Mediation, if successful, will include a record of agreement prepared by the mediator and signed by both parties. Copies of this signed agreement will be sent to both parties. If either party is an employee, the Director of Human Resources will be sent a copy by the mediator, to be maintained in the central, confidential Discrimination and Harassment File, separate from the employee's official personnel file. If either party is a student, the Vice President for Student Affairs will be sent a copy to be maintained in the central, confidential Discrimination and Harassment File, separate from the student's official student record.

The mediator's role is to serve as a neutral party assisting the complainant and accused to arrive at a written agreement. The mediator does not keep a copy of the agreement nor enforce the agreement. The mediator cannot appear as a witness if either party later pursues a formal complaint or appeal or grievance.

If either party feels dissatisfied during mediation, the arrangement can be broken and another resolution approach pursued.

RIT Student Conduct Process (When a student is accused)
When the accused is a student, refer to the policy on RIT Student Conduct Process contained in this Manual and in the Student Rights and Responsibilities Handbook where the procedures for handling complaints, taking administrative action, and appeal of such actions are presented.

Administrative Action Approach (When an employee is accused)
There may be times when the complainant or the accused is not satisfied with the results of Informal attempts to resolve a situation or does not want to use the Mediation Approach. There may also be times when an RIT Supervisor may believe that in order to further the Institute's goal of providing a discrimination and harassment free workplace, it is necessary for him or her to proceed on his or her own initiative to resolve a situation.

In these cases, the complainant or the accused can request an RIT Supervisor, or if the allegation is sufficiently serious, an RIT Supervisor can decide at his or her own discretion, to investigate and take appropriate action concerning an incident of possible discrimination or harassment by a faculty or staff member. The Supervisor shall, after establishing that the facts and circumstances warrant an investigation, use the investigatory and disciplinary practices regularly used by the Institute in other employment matters. Such an investigation and the subsequent action, if a violation of this Policy is found, will be undertaken in conjunction with the Director of Human Resources. The Supervisor will tell the complainant the result of the investigation and, if a violation of this Policy has been found, whether disciplinary action will be taken against the accused. Generally, the complainant will not be told the specific disciplinary actions, if any, to be imposed.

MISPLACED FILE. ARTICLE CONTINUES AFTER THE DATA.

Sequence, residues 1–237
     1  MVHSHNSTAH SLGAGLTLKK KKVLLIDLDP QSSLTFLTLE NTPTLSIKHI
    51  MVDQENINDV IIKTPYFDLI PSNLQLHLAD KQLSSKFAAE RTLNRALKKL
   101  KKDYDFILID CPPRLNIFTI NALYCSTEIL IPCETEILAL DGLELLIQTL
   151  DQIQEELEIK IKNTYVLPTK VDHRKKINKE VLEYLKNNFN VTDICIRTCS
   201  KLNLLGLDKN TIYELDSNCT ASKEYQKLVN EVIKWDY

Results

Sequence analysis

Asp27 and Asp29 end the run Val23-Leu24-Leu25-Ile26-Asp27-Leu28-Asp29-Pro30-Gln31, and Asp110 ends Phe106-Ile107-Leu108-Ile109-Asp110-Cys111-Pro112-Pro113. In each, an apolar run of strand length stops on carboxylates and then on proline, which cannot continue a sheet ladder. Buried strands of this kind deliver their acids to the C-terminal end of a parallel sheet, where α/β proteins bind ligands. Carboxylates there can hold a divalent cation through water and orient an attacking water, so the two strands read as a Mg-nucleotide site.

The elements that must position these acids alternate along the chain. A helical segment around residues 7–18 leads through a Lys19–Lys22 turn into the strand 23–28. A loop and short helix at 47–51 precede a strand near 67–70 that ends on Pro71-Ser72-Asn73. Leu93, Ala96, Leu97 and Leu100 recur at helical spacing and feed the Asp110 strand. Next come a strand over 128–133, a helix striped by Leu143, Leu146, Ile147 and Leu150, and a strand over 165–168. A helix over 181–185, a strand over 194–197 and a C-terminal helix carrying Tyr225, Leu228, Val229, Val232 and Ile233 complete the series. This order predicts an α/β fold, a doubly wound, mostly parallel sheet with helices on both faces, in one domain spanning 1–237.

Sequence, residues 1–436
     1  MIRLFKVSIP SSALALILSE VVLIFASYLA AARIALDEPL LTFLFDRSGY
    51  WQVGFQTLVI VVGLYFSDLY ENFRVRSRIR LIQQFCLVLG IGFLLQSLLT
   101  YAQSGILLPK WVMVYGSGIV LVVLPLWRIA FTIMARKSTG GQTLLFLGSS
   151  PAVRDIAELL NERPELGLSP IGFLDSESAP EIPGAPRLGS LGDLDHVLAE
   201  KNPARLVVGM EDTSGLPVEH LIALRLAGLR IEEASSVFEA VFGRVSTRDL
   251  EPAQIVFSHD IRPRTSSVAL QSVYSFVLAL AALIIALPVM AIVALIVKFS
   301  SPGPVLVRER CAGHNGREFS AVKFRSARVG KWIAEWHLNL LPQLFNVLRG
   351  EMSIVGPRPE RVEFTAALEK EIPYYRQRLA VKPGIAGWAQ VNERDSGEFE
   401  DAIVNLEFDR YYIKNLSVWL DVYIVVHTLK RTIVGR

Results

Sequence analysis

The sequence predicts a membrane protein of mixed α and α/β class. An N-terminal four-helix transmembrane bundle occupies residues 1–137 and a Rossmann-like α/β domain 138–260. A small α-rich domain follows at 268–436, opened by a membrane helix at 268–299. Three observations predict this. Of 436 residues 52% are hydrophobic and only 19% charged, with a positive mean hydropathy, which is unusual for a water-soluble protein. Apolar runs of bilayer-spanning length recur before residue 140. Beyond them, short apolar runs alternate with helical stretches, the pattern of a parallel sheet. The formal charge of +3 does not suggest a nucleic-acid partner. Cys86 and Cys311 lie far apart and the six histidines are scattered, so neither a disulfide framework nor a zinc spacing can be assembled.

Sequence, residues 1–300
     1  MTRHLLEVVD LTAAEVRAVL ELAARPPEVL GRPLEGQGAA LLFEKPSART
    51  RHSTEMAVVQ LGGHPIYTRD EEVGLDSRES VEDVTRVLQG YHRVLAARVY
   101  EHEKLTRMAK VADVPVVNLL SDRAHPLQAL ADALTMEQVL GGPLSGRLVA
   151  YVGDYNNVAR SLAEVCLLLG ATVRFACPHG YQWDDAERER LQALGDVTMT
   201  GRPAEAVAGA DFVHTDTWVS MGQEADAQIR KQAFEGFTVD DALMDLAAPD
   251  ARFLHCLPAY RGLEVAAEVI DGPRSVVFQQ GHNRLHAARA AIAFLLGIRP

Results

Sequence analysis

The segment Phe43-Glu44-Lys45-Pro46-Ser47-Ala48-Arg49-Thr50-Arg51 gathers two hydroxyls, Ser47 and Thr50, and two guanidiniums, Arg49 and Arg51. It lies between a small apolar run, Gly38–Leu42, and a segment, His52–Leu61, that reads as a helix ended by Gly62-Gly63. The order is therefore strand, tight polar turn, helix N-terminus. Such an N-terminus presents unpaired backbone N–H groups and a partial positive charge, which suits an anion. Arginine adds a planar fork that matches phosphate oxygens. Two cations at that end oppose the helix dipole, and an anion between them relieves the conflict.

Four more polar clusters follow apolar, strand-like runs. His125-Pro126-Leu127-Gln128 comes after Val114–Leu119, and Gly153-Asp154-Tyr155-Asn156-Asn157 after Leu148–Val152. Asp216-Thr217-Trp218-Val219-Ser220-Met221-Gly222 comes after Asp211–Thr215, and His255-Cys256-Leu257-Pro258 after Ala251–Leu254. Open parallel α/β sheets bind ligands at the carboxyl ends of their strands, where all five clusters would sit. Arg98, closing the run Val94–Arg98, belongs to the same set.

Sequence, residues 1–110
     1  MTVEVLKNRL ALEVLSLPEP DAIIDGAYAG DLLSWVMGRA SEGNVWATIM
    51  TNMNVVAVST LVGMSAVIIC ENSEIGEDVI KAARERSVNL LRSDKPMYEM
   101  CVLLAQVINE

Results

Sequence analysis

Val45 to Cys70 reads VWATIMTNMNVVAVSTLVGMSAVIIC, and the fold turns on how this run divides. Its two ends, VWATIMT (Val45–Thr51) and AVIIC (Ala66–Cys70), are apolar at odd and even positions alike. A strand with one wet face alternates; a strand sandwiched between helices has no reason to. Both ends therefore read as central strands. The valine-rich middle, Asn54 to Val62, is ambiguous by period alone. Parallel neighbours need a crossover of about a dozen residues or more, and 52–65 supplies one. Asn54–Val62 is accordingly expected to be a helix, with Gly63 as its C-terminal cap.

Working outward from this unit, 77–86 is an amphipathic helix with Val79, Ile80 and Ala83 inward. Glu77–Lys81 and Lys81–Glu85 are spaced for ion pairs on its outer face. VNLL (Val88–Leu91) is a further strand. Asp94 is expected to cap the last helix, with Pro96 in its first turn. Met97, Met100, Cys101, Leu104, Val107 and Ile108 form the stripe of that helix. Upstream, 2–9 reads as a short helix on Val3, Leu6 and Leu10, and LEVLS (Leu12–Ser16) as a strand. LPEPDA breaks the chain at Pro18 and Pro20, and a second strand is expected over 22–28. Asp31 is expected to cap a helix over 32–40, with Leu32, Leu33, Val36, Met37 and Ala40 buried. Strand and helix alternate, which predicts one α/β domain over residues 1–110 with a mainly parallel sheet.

In cases where disciplinary practices are used by the Institute and disciplinary action results, the employee who is disciplined must use the applicable Institute grievance procedure if he or she wants to question the action taken, rather than use the appeal process set forth below in the section dealing with Hearing Panels.

If either the complainant or the accused requests, the RIT Supervisor handling an allegation of discrimination or harassment will refer the case to the Hearing Panel Approach described below rather than proceed to address it by means of the Administrative Action Approach set forth in this Section.

Hearing Panel Approach (When an employee is accused)
I
f the complainant wants to have his or her allegation that an Institute faculty or staff member has violated this Policy determined by a Hearing Panel, the complainant must prepare a written complaint that indicates the alleged discriminating or harassing behavior.

The complaint should include, where applicable:

  • a chronology of events
  • all relevant facts
  • the name(s) of any witness(es) to the behavior or the incident(s)
  • in the case of harassment, a statement indicating whether the accused was told that the behavior was unwelcome.

The complaint must be signed and forwarded to the Director of Human Resources who will conduct an initial discussion with the complainant to establish that the facts and circumstances warrant a formal investigation.

After this discussion if the facts and circumstances warrant a formal investigation and the complainant chooses to pursue this action, the Director of Human Resources will:

  • notify the accused that an official complaint has been received
  • deliver a copy of the formal complaint to the accused and complainant
  • present an outline and explanation of procedures for resolution
  • provide to the accused and the complainant the names of the members and alternate members of the Institute Hearing Board who are eligible to serve on the hearing panel.

Within five class days of the decision to proceed with a formal complaint, the complainant and accused will be required to indicate to the Director of Human Resources any Hearing Board members whom they do not want to serve as members of their hearing panel. From the remaining names, the Director of Human Resources will select two members who, with the Director of Human Resources, will serve as the panel. The panel will convene within 15 class days of the receipt of the complaint.

Prior to the hearing date, the accused and complainant must submit to the Director of Human Resources any written documentation or statements that they feel are appropriate to the case. All witnesses to be called at the hearing must be identified by the parties and made known to the parties before the hearing.

The Director of Human Resources will notify the accused, the complainant, and all witnesses identified of the date of the hearing. All hearings will be conducted in a private session. The complainant and the accused will have the right to be accompanied by a personal advocate of their choice who is either an employee or student of the Institute. The advocate cannot be an attorney. Each party may also have a personal advisor present. The personal advisor may be an attorney, but the attorney's role will be limited to advising his or her client. All hearings will be tape recorded by the panel; no other tape recording will be permitted. The audio tape will be supplemented by a single fixed camera video tape if one is requested by either party. If a sign language interpreter has been requested by any participant, the interpreter will appear on the video tape.

Hearing Process:

The accused and the complainant will be present during the entire hearing. The Director of Human Resources will outline the hearing process and read the allegation aloud.